Group Insurance: A Better Deal For Most People Than Individual Plans

Source: Roland McDevitt, Jon Gabel, Ryan Lore, Jeremy Pickreign, Heidi Whitmore, Tina Brust, Health Affairs Web Exclusives, published online December 3, 2009
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From the abstract:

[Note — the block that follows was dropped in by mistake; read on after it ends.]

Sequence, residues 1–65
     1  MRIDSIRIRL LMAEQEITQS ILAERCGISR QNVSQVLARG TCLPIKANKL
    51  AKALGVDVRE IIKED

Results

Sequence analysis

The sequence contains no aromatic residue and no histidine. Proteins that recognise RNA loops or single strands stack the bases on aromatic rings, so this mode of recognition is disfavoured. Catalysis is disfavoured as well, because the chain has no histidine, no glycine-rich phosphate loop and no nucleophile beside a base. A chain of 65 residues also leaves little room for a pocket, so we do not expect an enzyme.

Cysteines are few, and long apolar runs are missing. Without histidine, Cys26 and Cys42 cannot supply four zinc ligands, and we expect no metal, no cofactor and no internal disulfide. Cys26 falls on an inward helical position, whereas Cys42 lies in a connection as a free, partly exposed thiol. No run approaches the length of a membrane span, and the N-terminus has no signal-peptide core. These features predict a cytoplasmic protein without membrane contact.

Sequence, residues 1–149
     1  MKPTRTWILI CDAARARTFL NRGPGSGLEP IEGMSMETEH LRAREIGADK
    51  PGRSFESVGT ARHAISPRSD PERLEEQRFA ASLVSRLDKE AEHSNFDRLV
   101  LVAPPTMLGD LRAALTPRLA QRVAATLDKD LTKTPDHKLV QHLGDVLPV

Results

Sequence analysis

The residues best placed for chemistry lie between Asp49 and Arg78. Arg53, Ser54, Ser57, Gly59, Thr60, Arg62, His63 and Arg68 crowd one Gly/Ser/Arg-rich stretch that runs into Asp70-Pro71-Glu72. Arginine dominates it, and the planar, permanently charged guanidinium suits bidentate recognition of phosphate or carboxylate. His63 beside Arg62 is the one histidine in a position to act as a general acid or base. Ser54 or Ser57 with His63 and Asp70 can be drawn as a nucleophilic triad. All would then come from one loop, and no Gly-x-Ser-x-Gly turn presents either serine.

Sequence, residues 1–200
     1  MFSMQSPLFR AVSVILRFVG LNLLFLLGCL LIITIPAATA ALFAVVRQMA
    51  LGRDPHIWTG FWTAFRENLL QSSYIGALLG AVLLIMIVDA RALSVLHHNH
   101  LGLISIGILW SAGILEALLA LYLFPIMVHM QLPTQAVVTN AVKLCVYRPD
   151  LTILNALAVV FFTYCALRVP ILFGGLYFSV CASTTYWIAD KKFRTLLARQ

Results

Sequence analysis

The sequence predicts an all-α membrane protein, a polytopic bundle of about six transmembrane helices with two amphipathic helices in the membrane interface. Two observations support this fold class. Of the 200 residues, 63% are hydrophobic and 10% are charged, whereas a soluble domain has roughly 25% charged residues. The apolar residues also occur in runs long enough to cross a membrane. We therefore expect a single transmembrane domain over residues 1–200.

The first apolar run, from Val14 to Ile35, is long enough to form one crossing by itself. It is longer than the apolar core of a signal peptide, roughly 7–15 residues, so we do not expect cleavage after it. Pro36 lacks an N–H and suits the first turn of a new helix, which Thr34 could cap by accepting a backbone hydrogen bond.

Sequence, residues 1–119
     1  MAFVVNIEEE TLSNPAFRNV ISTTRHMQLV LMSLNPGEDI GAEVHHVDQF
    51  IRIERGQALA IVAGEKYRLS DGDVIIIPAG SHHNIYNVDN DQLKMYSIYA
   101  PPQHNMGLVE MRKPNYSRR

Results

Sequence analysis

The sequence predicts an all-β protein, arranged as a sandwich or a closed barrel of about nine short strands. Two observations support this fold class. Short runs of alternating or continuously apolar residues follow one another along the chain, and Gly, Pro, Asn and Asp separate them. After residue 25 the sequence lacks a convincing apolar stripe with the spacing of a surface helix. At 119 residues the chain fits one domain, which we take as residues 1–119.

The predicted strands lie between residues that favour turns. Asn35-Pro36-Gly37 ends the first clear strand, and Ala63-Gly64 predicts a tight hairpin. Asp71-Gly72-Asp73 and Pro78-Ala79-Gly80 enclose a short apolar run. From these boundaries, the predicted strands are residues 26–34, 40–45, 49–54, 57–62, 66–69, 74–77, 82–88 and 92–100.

This paper compares health plans currently available on the individual market with employer-sponsored plans. Points of comparison include the scope of benefits, cost-sharing provisions, premiums, expected out-of-pocket costs, and actuarial value. We draw from the 2007 KFF/HRET Health Benefits Survey, our own survey of individual-market plans, the MarketScan medical claims database, and a computer simulation of medical claims. We find that in 2007, employment-based plans covered 80 percent of all charges paid by the plan and the member, while individual plans covered 64 percent. For most people, premiums and out-of-pocket costs were more affordable in tax-advantaged employer plans than in individual-market plans. Proposed health reforms would fundamentally alter the plan offerings available to Americans, particularly those offered in the individual market.

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